I know he's right, but I can't go back to the hospital. Especially not because of an infection.

I close my eyes and focus on controlling my breathing.

"I know that…" Nathan is stymied for words. He's trying not to embarrass me. "I know it's hard, but you can't fool around with infection. You could get very sick or you could…"

He stops mid-sentence, but I fill in the blank. I know better than anyone what infection can cost. I look up and see Josiah holding up a hand to hush Nathan and now I'm sure he's pieced together the reason behind my aversion to hospitals.

"Nathan," he says, "would an urgency clinic be able to check Ezra over, so we don't have to go all the way in to the hospital?"

I really feel unwell. As much as I don't want to be in a hospital, I'm terrified that it may be the very place I need to be. I look at Nathan, hoping that he'll compromise and settle for the clinic.

Nathan nods. "But if they say he needs to be hospitalized, we go."

I close my eyes. I wonder if Josiah's God will hear me if I pray.

Thursday – 2032 hours – Larabee Ranch

I'm scared. Ezra really doesn't look good. He did a real good job of hiding how bad he was feeling up until a few minutes ago. No wonder he lost his cool with everyone before supper.

Nate's in full hover mode. He's taking Ezra's temperature now, and I'm glad it's not me. I don't mean that. I mean, I'm glad it's not me, but I'm not glad that Ezra is sick.

Hell. Nathan just said Ezra's temp is 102.8, and even I know that isn't good.

All the guys start scrambling around, but trying to look casual, trying to look like they aren't as scared as I am. It's more than being worried about how Ez will handle being stuck back in the hospital. It's the realization that just when we're startin' to think that things are gonna be fine, that this ain't over and we could still lose Ezra.


I watch Chris put on his jacket and grab the keys to his truck, and then he stops. He looks at me, then JD, and then back to Ezra. I can see his uncertainty, and even if no one else sees it, I can see he's scared, too.

Buck brings a blanket from the bedroom and Josiah grabs a coat for Ezra. And poor Ez is just sittin' there at the table looking embarrassed. And miserable. He doesn't even protest when Josiah slips his arm in the sleeve for him and drapes the coat over his other shoulder.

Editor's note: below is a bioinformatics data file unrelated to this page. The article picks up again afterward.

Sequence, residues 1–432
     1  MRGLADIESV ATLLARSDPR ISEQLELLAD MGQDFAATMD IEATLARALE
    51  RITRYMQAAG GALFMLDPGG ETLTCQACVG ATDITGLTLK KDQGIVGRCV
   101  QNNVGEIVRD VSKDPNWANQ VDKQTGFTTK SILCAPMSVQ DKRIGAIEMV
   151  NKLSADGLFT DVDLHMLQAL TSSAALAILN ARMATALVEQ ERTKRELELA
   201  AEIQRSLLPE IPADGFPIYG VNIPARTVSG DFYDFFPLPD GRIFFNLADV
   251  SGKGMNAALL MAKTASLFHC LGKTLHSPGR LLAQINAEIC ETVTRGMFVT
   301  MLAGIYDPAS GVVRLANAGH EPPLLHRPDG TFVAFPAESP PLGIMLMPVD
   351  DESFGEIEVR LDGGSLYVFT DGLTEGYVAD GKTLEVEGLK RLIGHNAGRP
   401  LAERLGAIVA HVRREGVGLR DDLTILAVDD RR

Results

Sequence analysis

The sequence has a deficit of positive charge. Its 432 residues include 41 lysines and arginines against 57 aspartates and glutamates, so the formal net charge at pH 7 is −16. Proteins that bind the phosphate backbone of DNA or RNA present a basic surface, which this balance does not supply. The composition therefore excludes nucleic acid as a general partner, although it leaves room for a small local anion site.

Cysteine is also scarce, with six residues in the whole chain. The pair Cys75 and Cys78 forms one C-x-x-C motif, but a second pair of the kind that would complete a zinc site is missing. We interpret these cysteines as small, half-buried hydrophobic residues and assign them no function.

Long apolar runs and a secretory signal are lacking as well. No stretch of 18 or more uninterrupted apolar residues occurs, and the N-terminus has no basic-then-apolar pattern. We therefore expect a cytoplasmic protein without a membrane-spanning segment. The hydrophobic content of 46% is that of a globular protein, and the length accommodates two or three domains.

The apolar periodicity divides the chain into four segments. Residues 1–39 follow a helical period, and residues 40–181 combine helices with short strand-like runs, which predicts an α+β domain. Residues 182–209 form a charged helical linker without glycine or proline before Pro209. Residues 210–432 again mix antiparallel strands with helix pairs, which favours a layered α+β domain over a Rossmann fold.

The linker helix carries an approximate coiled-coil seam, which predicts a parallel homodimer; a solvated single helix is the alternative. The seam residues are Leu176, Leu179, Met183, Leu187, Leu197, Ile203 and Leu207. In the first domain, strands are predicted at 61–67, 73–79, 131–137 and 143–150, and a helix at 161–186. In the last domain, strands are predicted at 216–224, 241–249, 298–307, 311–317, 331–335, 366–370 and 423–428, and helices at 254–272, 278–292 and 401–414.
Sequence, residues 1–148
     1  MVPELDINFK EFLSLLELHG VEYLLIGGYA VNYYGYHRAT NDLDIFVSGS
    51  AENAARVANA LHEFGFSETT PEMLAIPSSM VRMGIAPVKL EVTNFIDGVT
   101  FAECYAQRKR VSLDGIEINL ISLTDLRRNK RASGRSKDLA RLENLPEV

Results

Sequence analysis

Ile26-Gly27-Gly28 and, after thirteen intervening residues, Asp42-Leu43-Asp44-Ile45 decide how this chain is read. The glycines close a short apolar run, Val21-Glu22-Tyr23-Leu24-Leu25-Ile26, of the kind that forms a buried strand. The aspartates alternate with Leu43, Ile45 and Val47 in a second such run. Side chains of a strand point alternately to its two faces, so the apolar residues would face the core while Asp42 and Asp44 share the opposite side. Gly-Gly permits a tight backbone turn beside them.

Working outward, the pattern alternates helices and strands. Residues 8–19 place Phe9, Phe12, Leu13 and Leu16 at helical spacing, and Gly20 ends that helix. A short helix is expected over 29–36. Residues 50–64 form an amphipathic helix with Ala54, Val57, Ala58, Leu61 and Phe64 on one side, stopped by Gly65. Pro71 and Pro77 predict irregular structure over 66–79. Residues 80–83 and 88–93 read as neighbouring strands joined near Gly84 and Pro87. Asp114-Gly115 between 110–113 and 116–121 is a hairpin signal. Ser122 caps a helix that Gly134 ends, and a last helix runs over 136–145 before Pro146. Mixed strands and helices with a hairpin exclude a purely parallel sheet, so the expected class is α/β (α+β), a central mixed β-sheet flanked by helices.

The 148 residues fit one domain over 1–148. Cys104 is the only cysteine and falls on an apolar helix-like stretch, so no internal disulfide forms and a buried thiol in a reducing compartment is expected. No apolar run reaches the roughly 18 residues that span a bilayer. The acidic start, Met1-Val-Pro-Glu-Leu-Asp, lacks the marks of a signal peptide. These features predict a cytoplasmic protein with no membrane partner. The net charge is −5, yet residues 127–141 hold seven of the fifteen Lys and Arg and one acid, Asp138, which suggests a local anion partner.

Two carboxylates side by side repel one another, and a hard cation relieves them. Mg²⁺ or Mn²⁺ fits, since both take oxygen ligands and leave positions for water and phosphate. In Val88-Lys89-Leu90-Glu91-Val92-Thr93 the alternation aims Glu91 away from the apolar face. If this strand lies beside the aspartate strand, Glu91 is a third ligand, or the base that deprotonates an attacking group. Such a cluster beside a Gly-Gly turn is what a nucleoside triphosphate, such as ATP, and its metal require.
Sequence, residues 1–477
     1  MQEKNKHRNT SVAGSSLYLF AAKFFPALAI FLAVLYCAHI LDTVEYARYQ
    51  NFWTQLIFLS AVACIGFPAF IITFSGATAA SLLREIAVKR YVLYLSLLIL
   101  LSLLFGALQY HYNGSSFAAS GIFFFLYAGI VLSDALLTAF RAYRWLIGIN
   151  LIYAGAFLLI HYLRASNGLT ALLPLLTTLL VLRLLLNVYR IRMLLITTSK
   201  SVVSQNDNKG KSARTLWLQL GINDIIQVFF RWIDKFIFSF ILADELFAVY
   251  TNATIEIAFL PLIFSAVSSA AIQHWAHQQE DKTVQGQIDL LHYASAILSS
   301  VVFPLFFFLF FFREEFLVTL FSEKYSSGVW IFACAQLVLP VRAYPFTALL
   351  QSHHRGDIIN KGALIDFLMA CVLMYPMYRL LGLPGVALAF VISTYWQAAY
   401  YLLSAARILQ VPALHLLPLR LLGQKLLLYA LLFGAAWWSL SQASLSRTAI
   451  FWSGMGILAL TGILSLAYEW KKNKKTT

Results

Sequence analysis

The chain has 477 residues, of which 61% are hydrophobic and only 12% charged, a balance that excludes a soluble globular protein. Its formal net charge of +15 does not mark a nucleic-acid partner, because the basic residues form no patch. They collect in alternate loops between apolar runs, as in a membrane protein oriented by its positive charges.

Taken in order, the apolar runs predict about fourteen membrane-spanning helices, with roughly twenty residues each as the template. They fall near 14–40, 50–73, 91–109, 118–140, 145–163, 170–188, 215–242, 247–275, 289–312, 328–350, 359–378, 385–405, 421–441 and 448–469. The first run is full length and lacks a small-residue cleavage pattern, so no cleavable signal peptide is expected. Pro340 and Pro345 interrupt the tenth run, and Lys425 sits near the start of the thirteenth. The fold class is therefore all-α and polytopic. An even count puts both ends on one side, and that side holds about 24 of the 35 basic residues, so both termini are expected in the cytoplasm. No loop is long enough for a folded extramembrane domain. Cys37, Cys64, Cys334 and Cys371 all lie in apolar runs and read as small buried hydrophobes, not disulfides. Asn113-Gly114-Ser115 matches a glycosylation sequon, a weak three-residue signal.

I get up and move to get my jacket.

"No," Chris says. "I know everyone wants to go, but there's no use in you or JD aggravating your recovery by sitting in a waiting room for who knows how long."

"He's right," Nathan agrees. "I'll go."

"And I'll drive," says Josiah.

Chris looks like he wants to argue, but he backs down. It makes the most sense that Nathan and Josiah go. That way Buck can take JD home. And Chris? Well, I'm sure he's not going to want me here alone.

"Shoes," Ezra's distress is obvious and brings everyone's attention to him. "I need shoes."

Surprisingly it's Buck who takes pity on him. Poor Ez has to be mortified that he's going to be going out in public in sweat pants and a tee shirt as it is. He can't cope with the bunny slippers anymore.

Buck goes into Chris's room and comes out with a nice pair of leather slippers. He kneels down beside Ezra and quietly removes the bunny slippers and replaces them with Chris's.

"There ya go," he says softly. "I'll save the girls for later." He picks up the bunny slippers and steps back as Josiah and Nathan help Ezra to his feet.

We all follow them, stopping on the front porch as they escort Ezra to Josiah's Suburban and help him inside. No one moves until they are out of sight. Then we slowly go inside, each of us quiet, with our own thoughts.

We didn't finish eating, but no one feels like it now. I sit down in a recliner, and JD sits on the couch and drops his crutches on the floor with a clatter.

"Sorry," he says.

Chris starts cleaning up the dinner dishes, needing something to do to keep him busy.

Buck sits down next to JD. He's still holding the bunny slippers.

Thursday – 2117 hours – North Denver Urgent Care

The ride to the clinic seemed to take forever, but the waiting to be seen seems even longer. I pull the blanket tighter around me as we wait.

Why is it that when one has a temperature, you feel so cold?

Josiah drapes his coat over me even though I'm wearing my own and I'm wrapped in a blanket. I don't have the energy to thank him.

Nathan is over at the reception desk talking to the nurse. He motions toward me rather animatedly. If I hadn't already been frightened, that movement in itself would have scared me. Nathan understands the stresses of the medical staff and is normally very calm and diplomatic in his dealings with them. If he is waving his arms, it must be bad.

God, if you can hear me…

"How are you doing, Ezra?" Josiah asks.

I give him the evil eye for asking a stupid question, but it seems to have no effect. Must be the fact that I can barely hold my head up.

I must have dozed off because Nathan just woke me up and walked me to the exam room. Josiah wanted to come, but he stayed in the waiting room. I feel foolish enough with Nathan escorting me, but I realize that he is thinking a lot more clearly than me, and he will be able to communicate the intricacies of my surgery and recovery that I can't seem to keep in my head.


I look at Nathan. "The doctor asked you a question."

Uh, could you give me a clue what it was? Then I don't have to sit here feeling stupid.

"He wants to know what your symptoms are."


That was an intelligent answer, Ezra.

"I have a headache."

"Any pain in your wound?" the doctor asks as he removes my bandage.

"No more than usual," I tell him.

Then I wince as he checks the wound. Why they insist on prodding sensitive areas is beyond me. He tells Nathan that it looks good and it's healing well.

Now I'm really confused. If it isn't infected, why do I feel so horrible?